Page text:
SW3 house prices hit the roof


Despite the UK property market being generally stagnant, Kensington’s has stayed healthy, experiencing much growth.


By Joel Durston

Media recently is awash with images of mega-wealth from SW3 and its surrounds – Mayfair, Belgravia, Chelsea and Kensington – millionaire footballers and rich debutantes.

Of course the media manipulates many images, but startling new statistics suggest this image is largely accurate.

According to Find a Property, an average SW3 property sells at £902,335, with average prices of detached houses, semi-detached houses and terraced houses all more than £2million – around £2,771,000, £2,284,000 and £2,026,000 respectively.

Despite the UK property market being generally stagnant, Kensington’s has stayed healthy, experiencing much growth.

This is in stark contrast to, for example, nearby Stratford where, the average house price is over five times less at just under £180,000.

The difference in house prices has effects even as seemingly unconnected as health.

Recent statistics show average female Kensington residents can expect to live nearly 12 years longer than Glaswegian counterparts and males; 13.5 years – a widening symptomatic of nationwide trends.

Danny Dorling, University of Sheffield demographer, said: “House Prices are going up rapidly in places like Kensington and Chelsea.

“They do not have the same health problems and can afford food and have no problem paying fuel bills. They are not touched by the recession.”

Fuel costs have doubled as a share of median household income since 2004 and now claim an estimated 2,700 lives every winter.

These disparities are also due to high numbers of SW3 residents who have access to private healthcare and/or gyms, and their many benefits, contributing to Kensington being the estimated 4th healthiest place in the UK.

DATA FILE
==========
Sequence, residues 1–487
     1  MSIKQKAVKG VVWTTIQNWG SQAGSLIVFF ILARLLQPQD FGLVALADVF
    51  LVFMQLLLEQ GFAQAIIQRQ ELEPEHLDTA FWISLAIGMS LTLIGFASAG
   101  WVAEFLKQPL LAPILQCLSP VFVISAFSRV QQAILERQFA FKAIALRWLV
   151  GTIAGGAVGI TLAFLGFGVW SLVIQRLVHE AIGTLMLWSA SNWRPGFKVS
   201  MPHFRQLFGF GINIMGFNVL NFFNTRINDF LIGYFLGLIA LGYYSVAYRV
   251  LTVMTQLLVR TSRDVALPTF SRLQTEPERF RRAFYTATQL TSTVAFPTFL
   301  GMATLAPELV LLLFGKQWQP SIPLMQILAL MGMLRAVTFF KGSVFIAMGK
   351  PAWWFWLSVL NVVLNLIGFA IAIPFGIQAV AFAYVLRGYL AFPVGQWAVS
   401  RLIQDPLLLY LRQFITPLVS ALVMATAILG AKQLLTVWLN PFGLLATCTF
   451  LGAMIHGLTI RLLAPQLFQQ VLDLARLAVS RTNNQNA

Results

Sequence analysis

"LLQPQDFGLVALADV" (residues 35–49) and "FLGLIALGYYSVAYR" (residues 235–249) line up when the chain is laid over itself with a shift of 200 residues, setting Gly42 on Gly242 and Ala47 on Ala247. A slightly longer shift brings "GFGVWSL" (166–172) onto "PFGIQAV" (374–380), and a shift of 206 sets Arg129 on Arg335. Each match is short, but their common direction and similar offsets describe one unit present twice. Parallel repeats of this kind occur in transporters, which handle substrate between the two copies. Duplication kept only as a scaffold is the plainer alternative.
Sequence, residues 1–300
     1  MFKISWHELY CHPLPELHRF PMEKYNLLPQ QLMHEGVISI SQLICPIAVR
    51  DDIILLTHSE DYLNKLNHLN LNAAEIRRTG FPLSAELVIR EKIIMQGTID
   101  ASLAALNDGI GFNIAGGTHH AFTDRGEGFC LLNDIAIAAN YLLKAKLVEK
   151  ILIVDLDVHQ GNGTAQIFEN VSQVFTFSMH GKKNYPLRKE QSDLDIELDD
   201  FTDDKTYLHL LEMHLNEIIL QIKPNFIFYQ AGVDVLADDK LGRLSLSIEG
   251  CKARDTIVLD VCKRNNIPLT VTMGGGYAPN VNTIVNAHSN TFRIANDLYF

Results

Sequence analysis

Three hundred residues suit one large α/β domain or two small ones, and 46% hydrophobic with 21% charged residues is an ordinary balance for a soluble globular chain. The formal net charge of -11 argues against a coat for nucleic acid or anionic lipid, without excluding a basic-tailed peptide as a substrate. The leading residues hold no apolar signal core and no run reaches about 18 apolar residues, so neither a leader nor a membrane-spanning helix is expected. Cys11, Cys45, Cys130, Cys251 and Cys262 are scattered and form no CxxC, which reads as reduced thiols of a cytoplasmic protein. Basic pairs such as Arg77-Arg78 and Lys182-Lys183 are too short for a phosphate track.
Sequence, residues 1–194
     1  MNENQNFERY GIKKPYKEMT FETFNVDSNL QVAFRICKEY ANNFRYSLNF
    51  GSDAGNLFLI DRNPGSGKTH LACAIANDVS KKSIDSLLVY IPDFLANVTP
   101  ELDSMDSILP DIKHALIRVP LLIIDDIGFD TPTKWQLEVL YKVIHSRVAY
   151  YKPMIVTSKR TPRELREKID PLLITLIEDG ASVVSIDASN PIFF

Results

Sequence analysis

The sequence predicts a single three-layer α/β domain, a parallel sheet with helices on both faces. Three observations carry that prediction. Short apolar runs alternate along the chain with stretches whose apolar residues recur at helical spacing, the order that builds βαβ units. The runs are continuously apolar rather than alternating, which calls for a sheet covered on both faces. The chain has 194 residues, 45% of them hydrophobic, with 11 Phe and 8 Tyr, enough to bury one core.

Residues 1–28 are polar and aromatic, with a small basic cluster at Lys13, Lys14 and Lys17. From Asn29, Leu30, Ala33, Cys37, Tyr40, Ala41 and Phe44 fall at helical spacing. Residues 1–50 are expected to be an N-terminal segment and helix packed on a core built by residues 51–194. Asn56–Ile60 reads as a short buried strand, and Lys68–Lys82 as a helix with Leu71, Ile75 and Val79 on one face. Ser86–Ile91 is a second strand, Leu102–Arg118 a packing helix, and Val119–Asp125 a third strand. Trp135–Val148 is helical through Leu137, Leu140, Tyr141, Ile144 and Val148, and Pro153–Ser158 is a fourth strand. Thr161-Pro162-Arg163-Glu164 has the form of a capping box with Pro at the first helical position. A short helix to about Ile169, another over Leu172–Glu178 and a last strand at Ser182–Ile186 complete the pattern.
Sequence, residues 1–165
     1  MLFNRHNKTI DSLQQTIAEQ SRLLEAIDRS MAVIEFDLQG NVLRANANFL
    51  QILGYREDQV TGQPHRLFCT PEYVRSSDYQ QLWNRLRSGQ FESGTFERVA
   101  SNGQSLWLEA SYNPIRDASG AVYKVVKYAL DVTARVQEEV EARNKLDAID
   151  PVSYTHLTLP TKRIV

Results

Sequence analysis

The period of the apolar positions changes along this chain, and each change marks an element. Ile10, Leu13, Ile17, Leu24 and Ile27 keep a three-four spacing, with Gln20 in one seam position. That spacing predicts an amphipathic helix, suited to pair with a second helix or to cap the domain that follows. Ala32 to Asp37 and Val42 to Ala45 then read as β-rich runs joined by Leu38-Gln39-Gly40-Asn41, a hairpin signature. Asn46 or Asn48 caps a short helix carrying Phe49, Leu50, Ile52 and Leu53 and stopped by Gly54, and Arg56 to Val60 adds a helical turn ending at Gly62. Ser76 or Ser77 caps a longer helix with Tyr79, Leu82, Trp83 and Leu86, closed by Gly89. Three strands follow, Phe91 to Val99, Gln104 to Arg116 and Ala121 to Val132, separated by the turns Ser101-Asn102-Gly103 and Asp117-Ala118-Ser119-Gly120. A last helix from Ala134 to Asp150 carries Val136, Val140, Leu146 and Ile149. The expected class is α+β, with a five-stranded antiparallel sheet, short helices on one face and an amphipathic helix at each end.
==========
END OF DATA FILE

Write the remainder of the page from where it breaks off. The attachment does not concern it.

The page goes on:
Another significant cause and effect of Kensington’s affluence is education.

There are 11 independent schools in the Royal Borough of Chelsea and Kensington – seven more than state secondaries.

For typical A-Level study, Ashbourne College costs £7,125, More House School; £29,250, Queens Gate School; £30,700, Duff Miller College; £33,500 and Mander Portman Woodward college, at least £35,556.

In addition, nearly all students are subject to academic selection such as entrance exams.

Headmaster of Ashbourne College, Michael Kirby, says in the school’s prospectus: “With classes only exceptionally exceeding 10, we stress the importance placed on individual attention.”

Financially and academically fenced-off private schools such as these use their money and status to get better resources and smaller class sizes, which create better general results.

Also, many private institutions are particularly good at promoting extra-curricular activities and ‘soft skills’ such as exam skills and interview technique so useful for ‘Red-brick’ or Oxbridge entrance.

This is a good route to ‘elite’ jobs in itself, but especially when coupled with ‘helicopter parents’ – parents always there ‘flying’ around their kids to help them get this or that gig, put them up rent-free and help them financially.

Many commentators claim, to varying degrees, glamourous images of egregious wealth and consumption coupled with the harsh realities of austerity led many to riot.

Many rioters themselves, such as the notorious ‘Riot Girls’, claimed their actions were directed against ‘the rich’ or ‘them’.

“It’s the government’s fault. The Conservatives or whoever. It’s the rich people; the people who have got businesses and that’s why all of this has happened – because of the rich people,” a ‘Riot Girl’ said.

“We’re just showing the rich people we can do what we want.”

In terms of the housing market, many find the expensive property ladder in Kensington prohibitive.

However, Peter Rollings, 48, Chief Executive of Chelsea & Kensington estate agents Marsh & Parsons, claims this is to be expected.

“It’s natural in any city that some parts are very expensive,” he said. “There is fantastic architecture, museums…everything one could want, it’s here. So many people want to live here. It can’t surprise anybody.”

He admitted the difficulty for first time buyers, but made no apologies for this.

“It’s a naïve proposition to think that many first time buyers will be able to buy places there, but that’s the same in places anywhere – Manchester, Glasgow, Birmingham,” he said.

“If you want to live there, you buy somewhere else, work hard and then maybe get a place later in life. You buy what you can afford.”

So it seems, for better or for worse, Kensington will be…well, Kensington for years to come….

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